The above is found in the introduction and conclusion of this unique book by Theodore Gray. Gray is a science author, science magazine columnist, and the proprietor of periodic table dot com.

This book is based on seven years of research and photography.

How many people or even scientists can boast that they have actually seen all of the chemical elements in their pure form, not combined with other elements? This is what makes this book unique.

Most of the pages of this book are composed of a double-page spread of each of the elements.

On the left page of each double-page spread is a large photograph of the pure element (where physically possible) along with the element's chemical symbol and atomic number. (An element's atomic number is the number of protons found in the nucleus of every atom of that element.) You can see what I mean by looking at the cover of this book (displayed above by Amazon). Here there are seventeen pure elements displayed just as they appear in the book.
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1 of 1 people found the following review helpful By Eric Boyer on Aug. 23 2011
Format: Hardcover
This book is an excellent presentation of the elements by an avid element collector. The book is full of high-quality pictures, showing the elements in both their pure form and their various applications, as well as brief, but good descriptions of their history, uses, and trivia. The author is very passionate about this subject, which makes for an informative, but entertaining read.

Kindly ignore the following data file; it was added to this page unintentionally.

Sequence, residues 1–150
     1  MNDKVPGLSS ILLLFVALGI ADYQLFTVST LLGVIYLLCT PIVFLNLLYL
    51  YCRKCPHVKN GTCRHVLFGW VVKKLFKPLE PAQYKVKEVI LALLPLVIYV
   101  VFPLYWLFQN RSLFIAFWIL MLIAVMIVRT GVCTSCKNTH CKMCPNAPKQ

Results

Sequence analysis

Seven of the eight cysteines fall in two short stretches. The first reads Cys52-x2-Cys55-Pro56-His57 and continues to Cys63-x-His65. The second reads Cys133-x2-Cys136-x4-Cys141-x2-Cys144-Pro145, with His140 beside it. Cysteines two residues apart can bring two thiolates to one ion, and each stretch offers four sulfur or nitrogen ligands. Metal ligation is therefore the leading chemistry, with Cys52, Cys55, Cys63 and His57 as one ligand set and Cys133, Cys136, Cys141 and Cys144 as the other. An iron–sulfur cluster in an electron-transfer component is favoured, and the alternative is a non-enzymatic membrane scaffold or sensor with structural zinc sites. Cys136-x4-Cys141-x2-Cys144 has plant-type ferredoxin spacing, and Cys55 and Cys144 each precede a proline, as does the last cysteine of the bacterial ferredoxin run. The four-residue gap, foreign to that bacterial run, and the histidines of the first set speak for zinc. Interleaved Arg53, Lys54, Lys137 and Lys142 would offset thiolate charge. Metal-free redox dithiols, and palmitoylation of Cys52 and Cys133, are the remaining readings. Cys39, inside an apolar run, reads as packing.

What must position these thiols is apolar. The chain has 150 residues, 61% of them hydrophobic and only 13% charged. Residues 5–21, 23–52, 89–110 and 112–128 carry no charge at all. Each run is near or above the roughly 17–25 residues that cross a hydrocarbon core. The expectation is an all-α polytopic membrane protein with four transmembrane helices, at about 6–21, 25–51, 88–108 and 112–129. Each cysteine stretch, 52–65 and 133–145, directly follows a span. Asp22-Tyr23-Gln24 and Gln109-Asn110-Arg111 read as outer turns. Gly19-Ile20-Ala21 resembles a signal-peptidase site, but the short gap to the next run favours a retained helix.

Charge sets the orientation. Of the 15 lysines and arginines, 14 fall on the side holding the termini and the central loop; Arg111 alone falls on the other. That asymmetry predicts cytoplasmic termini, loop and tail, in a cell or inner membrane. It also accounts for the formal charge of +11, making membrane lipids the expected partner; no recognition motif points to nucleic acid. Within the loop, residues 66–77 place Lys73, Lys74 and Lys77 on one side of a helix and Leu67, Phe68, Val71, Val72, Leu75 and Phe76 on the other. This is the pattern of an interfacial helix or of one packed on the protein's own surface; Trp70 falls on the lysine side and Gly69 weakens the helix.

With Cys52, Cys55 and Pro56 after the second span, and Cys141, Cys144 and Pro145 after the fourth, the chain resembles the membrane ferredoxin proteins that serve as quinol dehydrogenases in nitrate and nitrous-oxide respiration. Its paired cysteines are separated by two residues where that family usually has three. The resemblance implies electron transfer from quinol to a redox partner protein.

The book's layout is simple: each of the first 100 elements gets 2 facing pages (4 for more important elements), starting with hydrogen, and going on up. The left-hand page is a full-page image of the element in pure or very close to pure form, and the right-hand page contains the text describing the element, as well as several pictures of devices that are made up the element. Often these are pictures of the thousands of things that the author has collected for his element collection over the years. For the more important or more interesting elements, there are an additional 2 pages of photos. All of the elements also include diagrams showing their crystal structure, electron orbitals, and melting and freezing points, and other important information.

Elements 101-118 have shorter information sections and no pictures because there is very little relevant information about them.

Overall, this is a very high-quality book. It's well-written (I don't remember seeing any spelling or grammar mistakes); the pictures are well-taken, have good lighting, and are high resolution; the book is made of thick, strong paper; and the ink and print quality is among the best.